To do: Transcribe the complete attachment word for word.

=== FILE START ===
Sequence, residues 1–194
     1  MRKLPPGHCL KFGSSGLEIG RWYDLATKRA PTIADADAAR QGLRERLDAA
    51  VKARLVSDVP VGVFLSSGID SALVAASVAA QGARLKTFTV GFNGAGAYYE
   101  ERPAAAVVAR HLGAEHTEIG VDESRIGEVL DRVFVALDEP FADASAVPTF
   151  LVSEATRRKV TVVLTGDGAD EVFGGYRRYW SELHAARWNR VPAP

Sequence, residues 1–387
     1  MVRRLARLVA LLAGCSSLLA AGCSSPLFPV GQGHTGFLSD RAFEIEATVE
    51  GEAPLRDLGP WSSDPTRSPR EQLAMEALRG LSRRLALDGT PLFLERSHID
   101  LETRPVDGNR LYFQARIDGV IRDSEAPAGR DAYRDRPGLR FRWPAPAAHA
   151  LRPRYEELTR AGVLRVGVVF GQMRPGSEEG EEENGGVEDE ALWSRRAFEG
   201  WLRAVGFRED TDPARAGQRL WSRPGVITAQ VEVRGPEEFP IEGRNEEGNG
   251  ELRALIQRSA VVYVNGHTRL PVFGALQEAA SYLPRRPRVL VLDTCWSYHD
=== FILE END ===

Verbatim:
Sequence, residues 1–194
     1  MRKLPPGHCL KFGSSGLEIG RWYDLATKRA PTIADADAAR QGLRERLDAA
    51  VKARLVSDVP VGVFLSSGID SALVAASVAA QGARLKTFTV GFNGAGAYYE
   101  ERPAAAVVAR HLGAEHTEIG VDESRIGEVL DRVFVALDEP FADASAVPTF
   151  LVSEATRRKV TVVLTGDGAD EVFGGYRRYW SELHAARWNR VPAP

Sequence, residues 1–387
     1  MVRRLARLVA LLAGCSSLLA AGCSSPLFPV GQGHTGFLSD RAFEIEATVE
    51  GEAPLRDLGP WSSDPTRSPR EQLAMEALRG LSRRLALDGT PLFLERSHID
   101  LETRPVDGNR LYFQARIDGV IRDSEAPAGR DAYRDRPGLR FRWPAPAAHA
   151  LRPRYEELTR AGVLRVGVVF GQMRPGSEEG EEENGGVEDE ALWSRRAFEG
   201  WLRAVGFRED TDPARAGQRL WSRPGVITAQ VEVRGPEEFP IEGRNEEGNG
   251  ELRALIQRSA VVYVNGHTRL PVFGALQEAA SYLPRRPRVL VLDTCWSYHD